Originally from Dallas, Texas, baritone Jonathan Bryan will enter his second year as a Studio artist in the 2019-20 season. We caught up with him for #StudioSaturday to find out what he’s looking forward to in 19-20, his favorite place for good eats in ATL, and his advice for Studio newbies.
What have you been up to this summer?
This summer, I’m returning to The Glimmerglass Festival for my second summer as a young artist with the company. I’m singing Baron Douphol in La traviata, covering Ravenal in Showboat, and (this is what I’m most excited about) I’m singing Beaumarchais in The Ghosts of Versailles. At this point, we’ve opened all the shows, and we’re getting great reviews!
Any favorite places you’ve traveled recently?
I haven’t been able to do much traveling since I’m on contract all summer, but I DID get to fly down to Houston for my little sister’s wedding, and it was one of the happiest days of my life. The wedding was perfect, my sister couldn’t stop smiling, and we all danced the night away.
You’re going into your second year of The Atlanta Opera Studio. Tell us some of your favorite moments as a young artist last season.
Two different experiences stick out to me as favorite moments from last season. First, covering Michael Mayes in Dead Man Walking was an absolutely incredible experience. Not only is he the definitive Joseph De Rocher, but he’s also the nicest guy I’ve ever covered. Not to mention, when he was out of town for another gig, I got to fill in and sing with what has to be the greatest cast ever assembled for that opera. Everyone was so kind, and I learned so much about what it means to be a professional. The other experience that sticks out is the Stephanie Blythe and Friends concert we put on in May. Stephanie has had a career that most singers can only dream of, and she has so much knowledge to pass on. I learned so much just sitting around during breaks and shooting the breeze with her. She has a talent for articulating ideas and tips that are so much more nuanced than what most people have to offer. She’s a firecracker, and we all had so much fun making art with her.
When did you know you wanted to pursue a career in opera?
I didn’t know I wanted to pursue a career in opera until my sophomore year of college. I was already a voice major, but had plans of going to graduate school for music business so that I could get into the record industry. In the fall of my sophomore year, I was put into the chorus of Rossini’s La Cenerentola to complete one of my degree requirements. I had never heard voices move so fast, with such athleticism. The show was also hilarious, and it was the first time I realized that opera is so much more than stuffy, dated dramas and people dying of broken hearts. After witnessing the principals pull off vocal acrobatics that 20- year-old Jonathan could only dream of, while also leaving the crowd in stitches, I realized that I had so much more to learn about this art form, and so far to go in my pursuit of vocal mastery. That’s when I knew I wanted to pursue this career, and it’s why I’m so excited that The Atlanta Opera is presenting La Cenerentola this fall!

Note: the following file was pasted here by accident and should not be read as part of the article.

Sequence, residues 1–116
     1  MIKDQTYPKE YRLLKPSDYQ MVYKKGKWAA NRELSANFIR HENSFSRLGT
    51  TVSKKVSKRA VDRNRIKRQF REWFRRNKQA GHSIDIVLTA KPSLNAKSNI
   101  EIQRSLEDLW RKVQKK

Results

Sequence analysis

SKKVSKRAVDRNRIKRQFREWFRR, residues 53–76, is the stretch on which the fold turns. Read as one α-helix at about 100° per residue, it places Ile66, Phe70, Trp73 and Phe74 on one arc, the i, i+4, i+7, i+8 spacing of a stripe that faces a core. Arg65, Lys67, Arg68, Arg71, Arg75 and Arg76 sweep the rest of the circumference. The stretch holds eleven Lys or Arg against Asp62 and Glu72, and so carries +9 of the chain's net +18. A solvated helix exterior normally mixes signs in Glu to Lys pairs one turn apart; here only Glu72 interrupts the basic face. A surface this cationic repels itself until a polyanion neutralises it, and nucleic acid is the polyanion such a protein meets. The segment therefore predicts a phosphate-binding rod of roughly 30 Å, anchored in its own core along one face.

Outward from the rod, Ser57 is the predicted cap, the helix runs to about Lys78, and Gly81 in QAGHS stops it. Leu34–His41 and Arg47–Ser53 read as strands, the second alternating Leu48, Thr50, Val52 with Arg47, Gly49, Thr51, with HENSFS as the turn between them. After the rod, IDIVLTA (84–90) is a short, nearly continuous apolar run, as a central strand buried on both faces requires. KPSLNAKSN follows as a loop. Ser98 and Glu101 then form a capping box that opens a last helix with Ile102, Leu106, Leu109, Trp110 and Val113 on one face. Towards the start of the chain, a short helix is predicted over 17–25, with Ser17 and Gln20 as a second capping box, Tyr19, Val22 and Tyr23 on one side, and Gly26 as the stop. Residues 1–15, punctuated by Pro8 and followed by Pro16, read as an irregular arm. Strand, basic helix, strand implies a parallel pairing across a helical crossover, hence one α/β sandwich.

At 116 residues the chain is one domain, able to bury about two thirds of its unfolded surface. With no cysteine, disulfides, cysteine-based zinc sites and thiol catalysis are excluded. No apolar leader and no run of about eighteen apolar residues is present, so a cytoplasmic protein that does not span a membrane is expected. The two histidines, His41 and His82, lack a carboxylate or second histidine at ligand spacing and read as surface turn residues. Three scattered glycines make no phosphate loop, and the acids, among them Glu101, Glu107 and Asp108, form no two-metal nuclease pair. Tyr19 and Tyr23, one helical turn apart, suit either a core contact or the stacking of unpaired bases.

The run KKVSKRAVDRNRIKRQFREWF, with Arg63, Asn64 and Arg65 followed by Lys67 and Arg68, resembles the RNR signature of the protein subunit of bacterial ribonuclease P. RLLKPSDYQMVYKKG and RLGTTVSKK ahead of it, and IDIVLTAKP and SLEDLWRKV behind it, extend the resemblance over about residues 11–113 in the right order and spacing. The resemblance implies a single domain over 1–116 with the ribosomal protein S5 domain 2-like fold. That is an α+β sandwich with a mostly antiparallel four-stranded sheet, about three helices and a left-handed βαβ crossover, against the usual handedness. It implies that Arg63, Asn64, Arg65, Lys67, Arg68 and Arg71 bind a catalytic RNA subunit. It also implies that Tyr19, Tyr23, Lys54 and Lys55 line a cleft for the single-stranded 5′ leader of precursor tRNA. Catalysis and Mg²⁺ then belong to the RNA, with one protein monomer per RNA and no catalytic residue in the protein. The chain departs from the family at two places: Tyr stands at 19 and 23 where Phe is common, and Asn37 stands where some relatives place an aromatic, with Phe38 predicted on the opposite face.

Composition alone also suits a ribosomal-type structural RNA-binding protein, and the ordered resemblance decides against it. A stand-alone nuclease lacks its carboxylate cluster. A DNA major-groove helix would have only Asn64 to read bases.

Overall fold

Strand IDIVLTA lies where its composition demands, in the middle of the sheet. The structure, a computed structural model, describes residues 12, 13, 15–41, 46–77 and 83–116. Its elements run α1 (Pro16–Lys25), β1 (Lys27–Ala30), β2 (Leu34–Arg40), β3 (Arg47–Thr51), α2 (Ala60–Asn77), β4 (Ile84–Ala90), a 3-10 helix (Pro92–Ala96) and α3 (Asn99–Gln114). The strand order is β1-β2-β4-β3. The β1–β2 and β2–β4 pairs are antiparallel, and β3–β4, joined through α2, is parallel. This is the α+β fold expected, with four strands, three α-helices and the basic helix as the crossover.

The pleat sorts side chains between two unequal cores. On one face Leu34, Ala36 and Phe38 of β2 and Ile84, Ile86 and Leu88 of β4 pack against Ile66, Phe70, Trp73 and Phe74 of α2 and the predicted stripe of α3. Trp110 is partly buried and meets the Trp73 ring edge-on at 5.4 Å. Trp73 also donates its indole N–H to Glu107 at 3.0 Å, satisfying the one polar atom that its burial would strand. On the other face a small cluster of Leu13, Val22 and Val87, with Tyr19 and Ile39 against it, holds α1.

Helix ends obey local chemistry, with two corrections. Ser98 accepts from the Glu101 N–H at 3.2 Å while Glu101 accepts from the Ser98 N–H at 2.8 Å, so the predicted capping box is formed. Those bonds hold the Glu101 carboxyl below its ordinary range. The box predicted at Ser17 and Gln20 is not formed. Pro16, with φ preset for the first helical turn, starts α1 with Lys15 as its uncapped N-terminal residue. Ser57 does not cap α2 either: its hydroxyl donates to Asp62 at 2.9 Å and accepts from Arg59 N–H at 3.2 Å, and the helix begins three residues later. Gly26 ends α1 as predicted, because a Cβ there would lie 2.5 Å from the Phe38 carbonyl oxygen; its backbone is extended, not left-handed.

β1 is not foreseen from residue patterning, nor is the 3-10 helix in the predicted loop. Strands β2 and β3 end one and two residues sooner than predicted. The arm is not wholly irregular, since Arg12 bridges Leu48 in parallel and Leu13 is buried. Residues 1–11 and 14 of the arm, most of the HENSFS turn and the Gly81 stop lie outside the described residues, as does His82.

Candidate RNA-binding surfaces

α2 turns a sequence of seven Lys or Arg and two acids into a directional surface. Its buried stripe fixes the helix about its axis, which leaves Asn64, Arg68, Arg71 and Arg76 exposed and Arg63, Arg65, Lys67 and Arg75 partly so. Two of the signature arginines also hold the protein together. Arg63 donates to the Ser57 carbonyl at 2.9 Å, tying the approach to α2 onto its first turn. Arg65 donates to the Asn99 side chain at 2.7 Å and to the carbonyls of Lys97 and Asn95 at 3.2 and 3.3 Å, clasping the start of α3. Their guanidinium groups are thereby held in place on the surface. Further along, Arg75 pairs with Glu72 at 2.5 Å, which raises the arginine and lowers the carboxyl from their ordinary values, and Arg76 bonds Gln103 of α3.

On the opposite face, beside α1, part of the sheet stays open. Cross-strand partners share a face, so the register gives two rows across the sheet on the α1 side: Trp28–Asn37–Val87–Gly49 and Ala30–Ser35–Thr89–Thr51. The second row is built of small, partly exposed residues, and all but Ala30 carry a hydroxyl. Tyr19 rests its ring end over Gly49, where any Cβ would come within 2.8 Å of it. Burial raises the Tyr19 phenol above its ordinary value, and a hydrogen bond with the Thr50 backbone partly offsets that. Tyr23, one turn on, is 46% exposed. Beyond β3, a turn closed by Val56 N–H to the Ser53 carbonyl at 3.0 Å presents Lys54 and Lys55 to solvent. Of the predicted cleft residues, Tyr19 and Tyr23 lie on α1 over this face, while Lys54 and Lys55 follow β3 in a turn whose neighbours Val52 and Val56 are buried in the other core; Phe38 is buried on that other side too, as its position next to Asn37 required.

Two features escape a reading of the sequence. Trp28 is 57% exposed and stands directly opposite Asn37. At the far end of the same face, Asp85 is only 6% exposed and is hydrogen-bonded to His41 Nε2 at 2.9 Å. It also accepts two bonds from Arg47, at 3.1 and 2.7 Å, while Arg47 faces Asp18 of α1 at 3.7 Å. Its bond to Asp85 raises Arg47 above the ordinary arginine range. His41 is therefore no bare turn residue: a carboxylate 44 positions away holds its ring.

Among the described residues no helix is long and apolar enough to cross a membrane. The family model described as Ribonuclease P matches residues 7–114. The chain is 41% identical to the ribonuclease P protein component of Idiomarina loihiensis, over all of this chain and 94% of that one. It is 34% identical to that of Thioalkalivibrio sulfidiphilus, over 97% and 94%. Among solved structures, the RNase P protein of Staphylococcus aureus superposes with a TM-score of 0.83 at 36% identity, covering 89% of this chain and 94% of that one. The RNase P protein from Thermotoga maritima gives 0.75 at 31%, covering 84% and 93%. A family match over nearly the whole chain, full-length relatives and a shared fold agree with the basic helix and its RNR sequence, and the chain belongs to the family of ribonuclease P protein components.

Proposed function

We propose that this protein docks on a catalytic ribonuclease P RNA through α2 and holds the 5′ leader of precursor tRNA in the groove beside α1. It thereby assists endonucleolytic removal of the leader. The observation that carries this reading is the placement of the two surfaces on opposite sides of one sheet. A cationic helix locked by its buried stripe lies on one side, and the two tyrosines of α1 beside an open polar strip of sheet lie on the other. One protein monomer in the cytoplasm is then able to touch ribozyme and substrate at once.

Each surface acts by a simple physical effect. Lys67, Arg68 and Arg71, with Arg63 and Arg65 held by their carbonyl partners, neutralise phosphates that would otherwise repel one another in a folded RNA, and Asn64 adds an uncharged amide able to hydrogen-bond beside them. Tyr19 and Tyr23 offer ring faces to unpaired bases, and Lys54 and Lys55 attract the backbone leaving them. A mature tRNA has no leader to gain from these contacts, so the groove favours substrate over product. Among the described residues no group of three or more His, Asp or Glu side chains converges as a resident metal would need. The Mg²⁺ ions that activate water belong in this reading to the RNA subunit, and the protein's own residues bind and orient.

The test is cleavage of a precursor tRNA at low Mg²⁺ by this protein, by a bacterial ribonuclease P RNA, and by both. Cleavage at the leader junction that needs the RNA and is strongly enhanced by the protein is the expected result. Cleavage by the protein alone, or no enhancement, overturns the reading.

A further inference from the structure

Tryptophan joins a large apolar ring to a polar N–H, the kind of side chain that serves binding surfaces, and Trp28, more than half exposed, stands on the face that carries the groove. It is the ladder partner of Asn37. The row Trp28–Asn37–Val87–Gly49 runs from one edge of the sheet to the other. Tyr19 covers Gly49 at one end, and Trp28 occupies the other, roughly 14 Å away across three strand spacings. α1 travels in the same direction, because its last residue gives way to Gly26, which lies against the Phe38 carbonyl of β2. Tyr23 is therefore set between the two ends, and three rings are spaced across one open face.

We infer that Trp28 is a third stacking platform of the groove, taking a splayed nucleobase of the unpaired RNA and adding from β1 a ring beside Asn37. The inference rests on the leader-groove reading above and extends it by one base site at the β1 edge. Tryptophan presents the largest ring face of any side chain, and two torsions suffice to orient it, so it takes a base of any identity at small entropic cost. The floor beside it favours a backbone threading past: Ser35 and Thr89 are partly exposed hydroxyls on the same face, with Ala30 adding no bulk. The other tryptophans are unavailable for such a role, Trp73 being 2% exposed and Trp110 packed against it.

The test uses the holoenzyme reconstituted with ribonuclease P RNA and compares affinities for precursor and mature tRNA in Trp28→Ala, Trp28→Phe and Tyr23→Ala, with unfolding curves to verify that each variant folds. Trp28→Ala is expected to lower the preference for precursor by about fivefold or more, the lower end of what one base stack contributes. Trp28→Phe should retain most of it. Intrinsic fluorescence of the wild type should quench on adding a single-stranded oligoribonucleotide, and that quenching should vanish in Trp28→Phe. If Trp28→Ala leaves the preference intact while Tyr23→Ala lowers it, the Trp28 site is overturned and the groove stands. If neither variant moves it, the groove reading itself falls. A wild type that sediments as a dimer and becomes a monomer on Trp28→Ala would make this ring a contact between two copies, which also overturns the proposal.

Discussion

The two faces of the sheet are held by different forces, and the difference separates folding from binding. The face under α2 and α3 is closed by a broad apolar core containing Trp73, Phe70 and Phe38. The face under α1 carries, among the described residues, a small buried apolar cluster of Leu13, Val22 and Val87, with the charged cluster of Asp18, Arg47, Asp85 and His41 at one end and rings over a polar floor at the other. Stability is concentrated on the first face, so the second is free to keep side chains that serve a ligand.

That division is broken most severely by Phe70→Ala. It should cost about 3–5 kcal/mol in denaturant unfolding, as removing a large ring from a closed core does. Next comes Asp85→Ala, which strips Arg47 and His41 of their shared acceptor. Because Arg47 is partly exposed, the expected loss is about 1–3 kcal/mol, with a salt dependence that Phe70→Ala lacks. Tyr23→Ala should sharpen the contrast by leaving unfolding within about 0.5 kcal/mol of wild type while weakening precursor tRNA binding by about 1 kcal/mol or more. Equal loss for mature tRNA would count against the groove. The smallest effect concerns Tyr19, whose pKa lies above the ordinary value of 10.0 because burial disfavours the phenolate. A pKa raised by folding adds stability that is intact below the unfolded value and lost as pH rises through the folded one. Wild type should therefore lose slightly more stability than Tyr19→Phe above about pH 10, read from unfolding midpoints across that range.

Which production are you most excited about in the 2019-20 season?
Out of all the productions on the docket this year for The Atlanta Opera, I’m most excited about Madama Butterfly. I just think it’s one of the most beautiful scores in all of opera. I sang Sharpless in IU Opera Theater’s 2016 production of Butterfly, and I am so incredibly excited to get to be in the room every day to hear these stellar professionals sing some of my favorite music of all time.
What are you hoping to learn or get better at this year?
This year, I’m hoping to continue to find the balance between vocal beauty and dramatic expression. I think that’s what makes the great singers of our craft better than the rest: their ability to convey emotion and an intense connection to the text they’re singing without sacrificing the beauty of their sound. As a young artist who’s still trying to figure everything out, I sometimes feel like I’m either singing the most wonderful legato line without any emotional connection, or really committing to the emotion and just screaming. I KNOW there’s a middle ground, and I WILL find it!
What advice would you give to young artists relocating to Atlanta?
My main advice to young artists moving to Atlanta is to bring a car and give yourself more time than you think you need to get to that gig. Traffic here is no joke! Also, engage with the other local singers. The musicians that call Atlanta home are an incredibly supportive group, and in a career that often asks you to be away from your loved ones for too long, they’ll step in as your surrogate family.
What are your top three favorite places to eat, drink, and hang out in the city?
There is so much good food in this city, it’s hard to pick a top three, but I think I can narrow it down. If I’m going to eat with a group, and we can’t decide what we’re hungry for, my favorite place to go is Ponce City Market. They have a little bit of everything, and it’s all fantastic. Plus, you can buy a drink and walk the belt line after dinner. For a drink and a view, I like the rooftop bar at Six Feet Under in West Midtown. Great drinks, gulf oysters on the half shell (my favorite food), and a view of the entire Atlanta skyline. What more could you ask for? And finally, as a Texan, I’m very picky with my Mexican food, so I was relieved to find exquisite, authentic Tex-Mex at Nuevo Laredo, only five minutes from the Atlanta Opera offices. I recommend their enchiladas de pollo con mole. If a restaurant has good mole, you know they’re legit.
To learn more about Jonathan Bryan, visit http://www.jonathanbryanbaritone.com/